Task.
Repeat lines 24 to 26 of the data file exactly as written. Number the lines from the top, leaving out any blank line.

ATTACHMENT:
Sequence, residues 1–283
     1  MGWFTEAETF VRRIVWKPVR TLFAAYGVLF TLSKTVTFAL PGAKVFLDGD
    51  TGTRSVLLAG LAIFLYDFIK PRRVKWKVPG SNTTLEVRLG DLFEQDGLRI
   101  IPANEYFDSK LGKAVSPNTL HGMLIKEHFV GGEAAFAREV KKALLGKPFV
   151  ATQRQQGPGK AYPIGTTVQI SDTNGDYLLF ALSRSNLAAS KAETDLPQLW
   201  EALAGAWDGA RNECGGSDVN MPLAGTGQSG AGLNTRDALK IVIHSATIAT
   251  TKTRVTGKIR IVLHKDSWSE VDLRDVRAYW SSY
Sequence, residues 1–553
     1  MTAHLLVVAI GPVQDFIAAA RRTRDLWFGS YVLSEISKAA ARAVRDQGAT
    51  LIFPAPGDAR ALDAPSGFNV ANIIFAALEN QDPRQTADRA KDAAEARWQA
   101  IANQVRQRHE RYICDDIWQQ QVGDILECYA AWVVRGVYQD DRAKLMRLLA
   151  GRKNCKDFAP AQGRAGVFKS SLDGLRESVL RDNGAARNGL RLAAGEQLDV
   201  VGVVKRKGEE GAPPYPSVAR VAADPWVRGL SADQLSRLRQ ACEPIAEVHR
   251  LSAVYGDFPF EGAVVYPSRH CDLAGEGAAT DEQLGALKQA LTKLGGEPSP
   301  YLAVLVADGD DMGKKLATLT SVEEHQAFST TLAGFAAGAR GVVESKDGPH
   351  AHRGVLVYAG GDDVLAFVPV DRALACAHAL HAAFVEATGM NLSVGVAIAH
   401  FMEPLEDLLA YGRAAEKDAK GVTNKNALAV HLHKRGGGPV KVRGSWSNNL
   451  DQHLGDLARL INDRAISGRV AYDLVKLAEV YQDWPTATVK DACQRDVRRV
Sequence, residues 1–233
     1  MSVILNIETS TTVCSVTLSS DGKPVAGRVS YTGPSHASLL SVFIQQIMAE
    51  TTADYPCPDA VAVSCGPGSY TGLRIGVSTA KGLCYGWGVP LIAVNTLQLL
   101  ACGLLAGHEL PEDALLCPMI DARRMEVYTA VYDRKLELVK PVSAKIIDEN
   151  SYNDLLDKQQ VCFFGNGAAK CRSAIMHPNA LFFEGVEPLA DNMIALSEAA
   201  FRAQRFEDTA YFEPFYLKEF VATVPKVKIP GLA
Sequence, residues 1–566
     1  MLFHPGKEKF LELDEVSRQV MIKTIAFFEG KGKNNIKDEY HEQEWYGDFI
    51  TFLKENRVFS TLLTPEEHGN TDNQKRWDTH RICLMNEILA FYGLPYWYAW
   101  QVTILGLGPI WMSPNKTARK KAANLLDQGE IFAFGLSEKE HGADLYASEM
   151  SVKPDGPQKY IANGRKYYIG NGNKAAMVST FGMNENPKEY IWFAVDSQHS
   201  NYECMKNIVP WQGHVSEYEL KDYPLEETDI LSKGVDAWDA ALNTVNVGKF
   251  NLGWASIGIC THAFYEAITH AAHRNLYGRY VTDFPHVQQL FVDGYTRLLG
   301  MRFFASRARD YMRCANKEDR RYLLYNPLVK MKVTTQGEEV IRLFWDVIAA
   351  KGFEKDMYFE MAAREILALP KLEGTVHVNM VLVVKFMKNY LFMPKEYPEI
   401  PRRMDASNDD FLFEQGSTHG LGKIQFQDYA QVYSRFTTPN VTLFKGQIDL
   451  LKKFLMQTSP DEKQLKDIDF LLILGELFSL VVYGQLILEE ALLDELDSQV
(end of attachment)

   201  FRAQRFEDTA YFEPFYLKEF VATVPKVKIP GLA
Sequence, residues 1–566
     1  MLFHPGKEKF LELDEVSRQV MIKTIAFFEG KGKNNIKDEY HEQEWYGDFI